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E. coli outbreak parents to Alberta premier: ‘What are you going to do?’

Parents of children infected by an E. coli outbreak in Calgary daycares want to hear more from Alberta’s premier about how she plans to protect children and families.

In an open letter sent to the premier’s office Thursday morning, the parents questioned why they haven’t heard public comments from Premier Danielle Smith.

“Surely the suffering of our children merits more communication than a single tweet,” the parents wrote, referencing a social media post on Sept. 10.

Global News has asked the premier’s office for comment.

The parents said when their children began to fall ill at the end of August – including with bloody diarrhea and children passing “their own flesh as they screamed in pain” – the Sept. 3 notification of the daycare-associated E. coli infection came as a surprise because they trusted their children’s daycares.

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Click to play video: 'E. coli outbreak: Calgary mother blasts ‘morally corrupt’ child-care provider'

E. coli outbreak: Calgary mother blasts ‘morally corrupt’ child-care provider

“We sat in emergency rooms with their friends and fellow parents, stunned and looking for answers,” the parents wrote. “Some of our children went on to develop hemolytic uremic syndrome (HUS), some of them have kidney damage and some are receiving blood transfusions. Many of them continue to be admitted to hospital and (are) terribly ill.”

Alberta Health Services declared an outbreak on Sept. 4 and, on Wednesday, officials said 20 children were diagnosed with HUS and seven were on dialysis.

The parents expressed dissatisfaction with a provincial update on Sept. 12 that included the health minister, the minister of child and family services, the chief medical officer of health and a section chief from the Alberta Children’s Hospital.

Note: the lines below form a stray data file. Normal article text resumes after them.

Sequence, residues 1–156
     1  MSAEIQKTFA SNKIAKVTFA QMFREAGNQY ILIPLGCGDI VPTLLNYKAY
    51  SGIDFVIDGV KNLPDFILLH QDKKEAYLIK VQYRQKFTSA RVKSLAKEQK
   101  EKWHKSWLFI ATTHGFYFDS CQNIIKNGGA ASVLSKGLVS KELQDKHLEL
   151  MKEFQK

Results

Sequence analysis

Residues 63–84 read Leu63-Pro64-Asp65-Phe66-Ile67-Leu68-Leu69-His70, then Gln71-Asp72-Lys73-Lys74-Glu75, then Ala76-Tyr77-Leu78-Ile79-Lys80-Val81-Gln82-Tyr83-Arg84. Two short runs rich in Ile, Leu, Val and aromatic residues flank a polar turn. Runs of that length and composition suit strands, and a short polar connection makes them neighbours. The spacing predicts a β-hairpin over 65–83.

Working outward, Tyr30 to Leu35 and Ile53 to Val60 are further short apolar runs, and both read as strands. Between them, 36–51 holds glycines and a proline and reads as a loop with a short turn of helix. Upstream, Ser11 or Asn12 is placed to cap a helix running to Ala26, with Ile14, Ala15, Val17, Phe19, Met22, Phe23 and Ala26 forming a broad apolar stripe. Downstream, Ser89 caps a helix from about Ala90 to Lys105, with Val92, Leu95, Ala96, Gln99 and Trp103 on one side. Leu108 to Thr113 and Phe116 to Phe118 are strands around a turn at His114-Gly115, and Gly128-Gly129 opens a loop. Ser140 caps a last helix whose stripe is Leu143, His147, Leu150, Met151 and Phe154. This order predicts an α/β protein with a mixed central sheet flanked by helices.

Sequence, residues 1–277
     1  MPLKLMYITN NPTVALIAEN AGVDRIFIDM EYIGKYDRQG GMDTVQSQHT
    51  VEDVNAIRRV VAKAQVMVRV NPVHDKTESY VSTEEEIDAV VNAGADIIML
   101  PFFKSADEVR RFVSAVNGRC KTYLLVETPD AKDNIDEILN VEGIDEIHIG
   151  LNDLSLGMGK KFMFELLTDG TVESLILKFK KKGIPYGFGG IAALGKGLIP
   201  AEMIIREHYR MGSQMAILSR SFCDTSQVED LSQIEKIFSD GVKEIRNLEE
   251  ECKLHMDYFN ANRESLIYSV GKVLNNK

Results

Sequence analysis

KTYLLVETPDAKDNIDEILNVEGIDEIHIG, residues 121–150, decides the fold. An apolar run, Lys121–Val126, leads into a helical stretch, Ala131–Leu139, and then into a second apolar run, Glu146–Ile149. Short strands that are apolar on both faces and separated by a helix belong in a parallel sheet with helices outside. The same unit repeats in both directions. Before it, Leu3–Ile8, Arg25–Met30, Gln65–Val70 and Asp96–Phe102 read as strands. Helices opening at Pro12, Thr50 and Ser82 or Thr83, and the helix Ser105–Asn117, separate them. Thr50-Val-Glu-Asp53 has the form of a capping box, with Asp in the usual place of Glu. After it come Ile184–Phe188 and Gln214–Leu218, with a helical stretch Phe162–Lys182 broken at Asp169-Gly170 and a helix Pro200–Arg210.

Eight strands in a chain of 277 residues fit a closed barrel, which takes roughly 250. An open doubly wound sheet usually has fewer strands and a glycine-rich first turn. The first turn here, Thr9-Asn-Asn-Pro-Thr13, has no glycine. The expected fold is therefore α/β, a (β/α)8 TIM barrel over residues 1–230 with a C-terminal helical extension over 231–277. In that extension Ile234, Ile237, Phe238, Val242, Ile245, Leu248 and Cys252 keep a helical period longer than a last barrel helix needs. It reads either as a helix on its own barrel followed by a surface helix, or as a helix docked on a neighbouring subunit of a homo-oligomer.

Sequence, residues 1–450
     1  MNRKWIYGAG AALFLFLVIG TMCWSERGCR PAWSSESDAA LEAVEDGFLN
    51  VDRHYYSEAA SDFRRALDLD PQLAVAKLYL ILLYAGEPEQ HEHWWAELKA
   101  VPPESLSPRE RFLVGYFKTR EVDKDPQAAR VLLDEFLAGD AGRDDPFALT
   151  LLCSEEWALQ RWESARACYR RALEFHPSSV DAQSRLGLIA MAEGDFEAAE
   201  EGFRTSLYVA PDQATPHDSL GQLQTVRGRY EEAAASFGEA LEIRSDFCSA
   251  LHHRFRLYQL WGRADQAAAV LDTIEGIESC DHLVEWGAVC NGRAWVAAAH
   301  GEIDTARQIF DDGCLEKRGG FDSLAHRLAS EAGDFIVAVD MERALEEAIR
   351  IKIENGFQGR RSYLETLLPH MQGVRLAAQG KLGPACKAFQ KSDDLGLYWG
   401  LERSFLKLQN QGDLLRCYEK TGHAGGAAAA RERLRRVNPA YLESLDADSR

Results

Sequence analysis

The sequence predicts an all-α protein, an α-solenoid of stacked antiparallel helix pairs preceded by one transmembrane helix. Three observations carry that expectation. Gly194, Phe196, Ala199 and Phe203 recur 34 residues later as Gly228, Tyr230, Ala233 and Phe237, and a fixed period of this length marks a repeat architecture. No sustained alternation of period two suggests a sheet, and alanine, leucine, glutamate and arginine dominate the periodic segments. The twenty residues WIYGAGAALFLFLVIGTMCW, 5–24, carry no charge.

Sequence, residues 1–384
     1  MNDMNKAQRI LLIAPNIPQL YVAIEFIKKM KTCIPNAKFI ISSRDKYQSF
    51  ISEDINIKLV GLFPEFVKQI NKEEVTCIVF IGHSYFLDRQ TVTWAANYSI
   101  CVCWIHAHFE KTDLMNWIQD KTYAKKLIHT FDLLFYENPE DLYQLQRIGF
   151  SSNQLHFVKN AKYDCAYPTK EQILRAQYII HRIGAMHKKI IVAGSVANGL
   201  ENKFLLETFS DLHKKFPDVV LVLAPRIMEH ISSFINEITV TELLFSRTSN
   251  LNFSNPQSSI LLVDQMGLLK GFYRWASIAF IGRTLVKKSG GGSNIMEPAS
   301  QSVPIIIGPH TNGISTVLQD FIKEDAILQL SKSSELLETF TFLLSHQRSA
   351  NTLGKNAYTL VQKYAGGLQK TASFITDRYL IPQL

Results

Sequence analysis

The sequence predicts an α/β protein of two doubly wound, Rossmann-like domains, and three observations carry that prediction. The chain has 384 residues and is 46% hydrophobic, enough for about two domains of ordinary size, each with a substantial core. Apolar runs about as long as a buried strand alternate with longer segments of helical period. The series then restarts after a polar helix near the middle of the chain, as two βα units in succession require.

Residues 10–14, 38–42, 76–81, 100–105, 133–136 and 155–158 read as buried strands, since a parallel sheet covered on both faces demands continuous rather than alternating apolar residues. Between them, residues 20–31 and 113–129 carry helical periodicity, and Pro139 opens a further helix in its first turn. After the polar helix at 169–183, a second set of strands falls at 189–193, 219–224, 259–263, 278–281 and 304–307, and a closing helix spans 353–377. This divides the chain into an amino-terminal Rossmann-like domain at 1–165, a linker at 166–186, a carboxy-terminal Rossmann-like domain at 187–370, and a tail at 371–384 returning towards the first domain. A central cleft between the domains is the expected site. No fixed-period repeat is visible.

“The recent press conference revealed nothing to regain our trust in the government’s ability to respond adequately to this situation,” the open letter reads.

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Those parents want to know what, if any, consequences or follow-up will happen with the central kitchen AHS inspectors suspect is the source of the outbreak that, as of Wednesday, included 310 lab-confirmed cases of Shiga toxin-producing E. coli.

“How can we rest assured they are safe to eat at any facility governed by this province when consequences for unsafe food practices do not exist? When did the ability of businesses to continue running become the priority over the safety of the public, especially our children? Is this what we can expect as the UCP continues to “cut the red tape?” the parents asked.

On Wednesday, Calgary Zone medical officer of health Dr. Franco Rizzuti said that violations found by health inspectors will often be corrected immediately, inspectors often revisit a site soon after, and education is a preferred approach as part of a “comprehensive strategy.”

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“Typically within environmental public health, it is rare that we use legal routes to have formal closures,” Rizzuti said.

“Inspections are only one part of the toolkit.”

Click to play video: 'Parents question government’s role in childcare safety after E. coli outbreak'

Parents question government’s role in childcare safety after E. coli outbreak

The open letter also made an appeal for assistance while the parents, many who, without childcare, are unable to work and face added financial stress.

“Now is our time of need, now is when we need to know the leadership Albertans voted for will step up,” they wrote, noting their children are not of voting age.

“What are you going to do to protect our most vulnerable citizens and support their families?”

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